Guo has released a batch of reforms, including rules to fight insider trading and improved examination and approval mechanisms for IPOs, since he took up the official post of CSRC chairman in October 2011.

Education of investors is also one of the 10 guidelines, which Li said is necessary because many Chinese investors currently lack investment experience.

Some experienced individual investors didn't suffer heavy losses last year, as they became more cautious.

"I earned a little last year, because I reduced the total amount of my investments, and I am good at researching the financial reports of listed companies," Shen Jiawang, a 30-year-old water conservancy project engineer with a salary of around 12,000 yuan per month who entered the Chinese stock market in 2007, told the Global Times.

Shen is optimistic about market performance this year, and felt that regulatory reforms would be helpful.

 

Commission’s working targets for 2013


1. Diversify types of investment and investment products

The regulator will improve rules on companies' credit bonds, innovate new types of credit bonds, and expand the pilot of a Beijing-based national share transfer system for non-listed small and medium-sized enterprises (SMEs).

 

2. Reform issuance of new shares and delisting mechanisms

The regulator will improve regulations on IPOs and the pricing system for new shares, as well as the delisting mechanism. It will strictly carry out examinations of IPO appli­cants and their listing sponsors and account­ing partners.

 

3. Grant IPO reviews to companies with strong profit potential and solid business performance

Strict sanctions will apply to any enter­prises, listing sponsors or accounting partners that manipulate their profit data or fake their balance sheets in order to get listed.

 

4. Improve the current regulations on futures to boost the real economy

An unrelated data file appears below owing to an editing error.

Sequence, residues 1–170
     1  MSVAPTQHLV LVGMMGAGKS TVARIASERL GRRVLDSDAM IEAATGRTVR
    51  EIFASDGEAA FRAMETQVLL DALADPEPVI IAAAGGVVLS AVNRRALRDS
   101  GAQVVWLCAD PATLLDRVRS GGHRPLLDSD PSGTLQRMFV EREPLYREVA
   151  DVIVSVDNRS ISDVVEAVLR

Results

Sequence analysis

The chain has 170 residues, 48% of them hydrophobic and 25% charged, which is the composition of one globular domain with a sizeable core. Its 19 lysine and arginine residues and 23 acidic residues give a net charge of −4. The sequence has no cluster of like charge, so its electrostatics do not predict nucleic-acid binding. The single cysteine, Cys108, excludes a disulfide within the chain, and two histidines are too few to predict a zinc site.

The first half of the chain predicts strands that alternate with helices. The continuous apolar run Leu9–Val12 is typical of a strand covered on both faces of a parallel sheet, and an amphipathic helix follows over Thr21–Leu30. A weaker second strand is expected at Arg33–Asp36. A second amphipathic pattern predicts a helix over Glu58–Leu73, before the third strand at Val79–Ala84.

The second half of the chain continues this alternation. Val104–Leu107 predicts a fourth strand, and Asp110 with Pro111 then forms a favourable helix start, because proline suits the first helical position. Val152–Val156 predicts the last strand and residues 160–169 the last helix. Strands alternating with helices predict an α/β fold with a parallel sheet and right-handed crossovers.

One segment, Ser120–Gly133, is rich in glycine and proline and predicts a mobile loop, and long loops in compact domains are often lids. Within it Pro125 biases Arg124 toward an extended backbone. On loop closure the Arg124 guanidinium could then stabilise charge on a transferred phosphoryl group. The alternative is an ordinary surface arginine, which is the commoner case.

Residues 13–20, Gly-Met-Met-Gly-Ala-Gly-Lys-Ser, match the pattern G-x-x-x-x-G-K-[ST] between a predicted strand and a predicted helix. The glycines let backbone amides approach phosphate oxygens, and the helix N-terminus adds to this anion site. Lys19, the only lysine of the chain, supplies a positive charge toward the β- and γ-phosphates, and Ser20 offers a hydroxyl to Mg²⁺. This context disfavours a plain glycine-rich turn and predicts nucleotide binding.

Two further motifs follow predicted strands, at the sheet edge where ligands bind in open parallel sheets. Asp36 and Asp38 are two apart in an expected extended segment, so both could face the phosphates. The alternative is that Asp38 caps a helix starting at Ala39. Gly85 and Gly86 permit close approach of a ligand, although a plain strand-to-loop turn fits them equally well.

The regulator will strictly execute regula­tions on futures trading and modify related rules.

 

5. Cultivate institutional investors

The regulator will cultivate insti­tutional investors such as equity investment funds and investment management compa­nies. Foreign pension funds, charity funds and sovereign-wealth funds will be encour­aged to invest in the domestic stock market.

 

6. Improve regulations on brokerage firms

The regulator will strictly supervise broker­age firms including securities brokerages, credit rating agencies, and accounting firms, and offer better services for them.

 

7. Make the domestic market more open to foreign investors

Quotas will enlarge for Qualified Foreign Institutional Investors (QFII) and RMB Quali­fied Foreign Institutional Investors (RQFII).

 

8. Offer education and related services to investors

The regulator will set up a mechanism to interact with investors, and require wealth management agencies to offer diversified investment products to investors.

 

9. Improve self-regulation

The regulator will set up a more flexible and efficient nationwide monitoring and regulatory system.

 

10. Modify and launch related regulations and rules

The CSRC will modify securities laws and launch futures laws and supervision rules for listed companies.